The cause was a heart attack, said his doctor, R. K. Agarwal.
His death set off a wave of mourning nationwide. Thousands followed the body in a procession to his cremation on Thursday afternoon. India’s prime minister, Manmohan Singh, called Dara Singh a “self-educated son of the soil” who had been “an inspiration and icon to many generations in our country.” In a Twitter message, the Indian actor Shah Rukh Khan called Mr. Singh “our very own Superman.”
Mr. Singh, a household name in India, rode that renown to win a seat in India’s upper house of Parliament, the Rajya Sabha, serving from 2003 to 2009 as a member of the Hindu nationalist Bharatiya Janata Party. Many likened him to Arnold Schwarzenegger, the bodybuilder-turned-actor-turned-governor of California.
Though never deemed more than an average actor, Mr. Singh nevertheless commanded a mass following in Hindi cinema’s black-and-white era as a hero who, while championing what was right and good with rippling muscles, was also every inch the gentleman. He vowed never to play a bad character.
Dara Singh Randhawa was born into a Sikh farming family on Nov. 19, 1928, in a village in the northern province of Punjab, near the Pakistan border. Brawny even as a child, he was encouraged to pursue traditional Indian-style wrestling and did so with spectacular success, winning tournaments across India and earning a reputation for flooring opponents with ridiculous ease.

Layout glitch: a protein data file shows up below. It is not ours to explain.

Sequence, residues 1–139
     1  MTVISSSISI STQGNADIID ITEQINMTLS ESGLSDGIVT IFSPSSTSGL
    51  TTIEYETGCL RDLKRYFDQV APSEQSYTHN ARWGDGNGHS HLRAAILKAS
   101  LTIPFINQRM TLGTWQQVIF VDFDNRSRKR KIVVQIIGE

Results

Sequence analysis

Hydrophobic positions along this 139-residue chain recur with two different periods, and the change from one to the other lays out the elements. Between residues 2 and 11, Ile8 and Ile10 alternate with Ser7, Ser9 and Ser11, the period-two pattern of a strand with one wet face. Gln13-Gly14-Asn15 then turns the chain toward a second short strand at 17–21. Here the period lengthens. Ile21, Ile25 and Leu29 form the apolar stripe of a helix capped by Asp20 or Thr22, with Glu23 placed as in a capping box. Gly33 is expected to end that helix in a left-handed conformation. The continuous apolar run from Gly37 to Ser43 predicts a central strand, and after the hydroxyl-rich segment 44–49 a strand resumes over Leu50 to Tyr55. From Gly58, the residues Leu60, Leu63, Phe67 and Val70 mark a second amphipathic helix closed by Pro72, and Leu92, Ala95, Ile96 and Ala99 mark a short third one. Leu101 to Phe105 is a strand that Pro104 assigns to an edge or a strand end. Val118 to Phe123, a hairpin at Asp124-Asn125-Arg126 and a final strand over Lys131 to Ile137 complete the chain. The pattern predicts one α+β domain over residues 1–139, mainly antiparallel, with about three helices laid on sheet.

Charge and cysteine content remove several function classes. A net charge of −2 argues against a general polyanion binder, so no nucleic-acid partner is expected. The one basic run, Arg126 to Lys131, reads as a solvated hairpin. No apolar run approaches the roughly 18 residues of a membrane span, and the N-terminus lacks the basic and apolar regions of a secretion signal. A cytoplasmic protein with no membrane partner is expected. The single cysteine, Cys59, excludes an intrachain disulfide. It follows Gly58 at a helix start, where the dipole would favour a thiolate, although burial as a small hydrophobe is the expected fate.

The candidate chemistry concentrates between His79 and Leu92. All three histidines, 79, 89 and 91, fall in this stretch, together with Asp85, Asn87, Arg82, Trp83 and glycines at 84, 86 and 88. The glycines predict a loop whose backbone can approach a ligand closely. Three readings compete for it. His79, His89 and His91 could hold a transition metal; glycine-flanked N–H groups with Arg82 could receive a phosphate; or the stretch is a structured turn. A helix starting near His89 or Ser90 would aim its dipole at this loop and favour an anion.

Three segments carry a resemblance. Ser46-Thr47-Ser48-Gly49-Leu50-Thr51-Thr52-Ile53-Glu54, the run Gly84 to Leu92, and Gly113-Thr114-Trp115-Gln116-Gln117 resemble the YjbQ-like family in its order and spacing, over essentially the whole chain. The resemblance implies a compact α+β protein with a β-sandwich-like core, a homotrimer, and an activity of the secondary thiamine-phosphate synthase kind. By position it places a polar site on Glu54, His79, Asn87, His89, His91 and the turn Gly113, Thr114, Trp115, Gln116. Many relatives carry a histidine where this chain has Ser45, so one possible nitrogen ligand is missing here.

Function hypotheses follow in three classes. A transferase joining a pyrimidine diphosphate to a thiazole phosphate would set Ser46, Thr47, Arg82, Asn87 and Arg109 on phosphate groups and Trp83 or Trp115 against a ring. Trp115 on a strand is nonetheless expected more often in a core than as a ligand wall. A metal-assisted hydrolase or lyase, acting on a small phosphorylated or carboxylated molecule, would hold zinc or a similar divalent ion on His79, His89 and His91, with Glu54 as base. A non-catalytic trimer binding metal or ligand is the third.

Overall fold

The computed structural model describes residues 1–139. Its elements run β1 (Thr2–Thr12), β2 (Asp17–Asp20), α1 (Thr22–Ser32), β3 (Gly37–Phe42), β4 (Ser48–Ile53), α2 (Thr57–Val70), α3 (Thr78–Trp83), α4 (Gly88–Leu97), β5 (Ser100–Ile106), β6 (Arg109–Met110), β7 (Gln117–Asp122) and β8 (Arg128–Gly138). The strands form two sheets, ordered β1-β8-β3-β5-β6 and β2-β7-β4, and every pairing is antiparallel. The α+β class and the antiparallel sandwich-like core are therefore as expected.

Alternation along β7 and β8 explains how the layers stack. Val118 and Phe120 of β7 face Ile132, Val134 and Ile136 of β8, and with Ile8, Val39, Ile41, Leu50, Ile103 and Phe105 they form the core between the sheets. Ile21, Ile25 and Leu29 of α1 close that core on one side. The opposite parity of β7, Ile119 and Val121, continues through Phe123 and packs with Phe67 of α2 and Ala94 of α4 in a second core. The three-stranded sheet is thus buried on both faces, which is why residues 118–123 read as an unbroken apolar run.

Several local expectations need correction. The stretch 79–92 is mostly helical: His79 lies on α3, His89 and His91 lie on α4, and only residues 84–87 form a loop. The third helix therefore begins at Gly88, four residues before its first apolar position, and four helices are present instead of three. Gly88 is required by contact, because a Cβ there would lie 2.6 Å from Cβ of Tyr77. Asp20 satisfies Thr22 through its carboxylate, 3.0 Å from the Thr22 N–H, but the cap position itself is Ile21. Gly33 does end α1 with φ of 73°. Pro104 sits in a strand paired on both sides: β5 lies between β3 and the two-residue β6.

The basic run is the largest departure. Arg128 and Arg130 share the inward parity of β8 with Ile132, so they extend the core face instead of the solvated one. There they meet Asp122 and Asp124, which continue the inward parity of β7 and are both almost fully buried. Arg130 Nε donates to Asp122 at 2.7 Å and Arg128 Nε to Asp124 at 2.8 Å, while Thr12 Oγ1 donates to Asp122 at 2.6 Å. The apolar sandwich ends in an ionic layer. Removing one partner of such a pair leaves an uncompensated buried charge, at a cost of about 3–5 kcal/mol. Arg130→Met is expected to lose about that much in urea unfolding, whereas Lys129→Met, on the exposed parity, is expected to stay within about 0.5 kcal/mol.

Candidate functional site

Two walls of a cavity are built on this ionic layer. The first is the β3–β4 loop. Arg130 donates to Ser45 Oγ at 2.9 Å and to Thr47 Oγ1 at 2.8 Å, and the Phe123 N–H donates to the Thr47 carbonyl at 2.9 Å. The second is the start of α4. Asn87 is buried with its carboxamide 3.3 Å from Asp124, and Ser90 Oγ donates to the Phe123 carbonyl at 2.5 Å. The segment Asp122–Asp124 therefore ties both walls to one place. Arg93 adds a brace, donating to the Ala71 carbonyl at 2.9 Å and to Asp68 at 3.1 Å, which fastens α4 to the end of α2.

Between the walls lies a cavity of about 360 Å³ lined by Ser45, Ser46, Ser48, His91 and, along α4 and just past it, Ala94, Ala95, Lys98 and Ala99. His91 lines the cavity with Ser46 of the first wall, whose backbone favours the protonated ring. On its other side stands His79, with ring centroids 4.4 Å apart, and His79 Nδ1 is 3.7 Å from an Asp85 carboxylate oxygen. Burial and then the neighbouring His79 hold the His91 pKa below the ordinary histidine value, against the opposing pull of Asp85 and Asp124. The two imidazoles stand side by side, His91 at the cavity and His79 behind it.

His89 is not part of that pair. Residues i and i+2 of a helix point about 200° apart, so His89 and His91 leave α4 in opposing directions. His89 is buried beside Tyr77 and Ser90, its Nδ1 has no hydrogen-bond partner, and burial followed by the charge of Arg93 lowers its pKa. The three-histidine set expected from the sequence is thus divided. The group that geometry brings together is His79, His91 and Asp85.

In the 1950s and ’60s, the British wrestling historian Charles Mascall ranked Mr. Singh as the 10th-greatest heavyweight wrestler of all time.
He became the Commonwealth Champion in 1959 and, in 1968, world champion when he defeated the American wrestler Lou Thesz.
Mr. Singh was at the pinnacle of his prowess and fame as a wrestler when he started working in films in the 1950s. His massive physique and noble image made him ideal for characters that epitomized masculine strength and pride and heroic virtues. Among his Hindi cinema hits were “King Kong,” “Samson” and “Tarzan Comes to Delhi.” The popular Bollywood actress Mumtaz appeared with him in 16 films.
Mr. Singh, who appeared in nearly 150 movies, later switched to character roles. He was also involved with Punjabi films as an actor, director and producer.
For all his film work, he may be best remembered in India for a television role, that of the mythical monkey god Hanuman in the popular series “Ramayana,” an adaptation of the Hindu epic.
Mr. Singh, who married twice, is survived by three sons and three daughters.
Some Indians saw him as a man who transcended any narrow characterization, whether wrestler or actor.
“He had star quality, all right,” Vir Sanghvi, a former editor of The Hindustan Times, wrote in a blog post on Friday. “But he had much more to offer. He represented an Indian ideal of goodness through strength. His persona — like his real-life personality — was straightforward: he was a good guy, who never did anything dirty or devious and who used his strength to protect the weak and to fight evil. In that sense, he was the first Indian superhero.”R Soft Web Hosting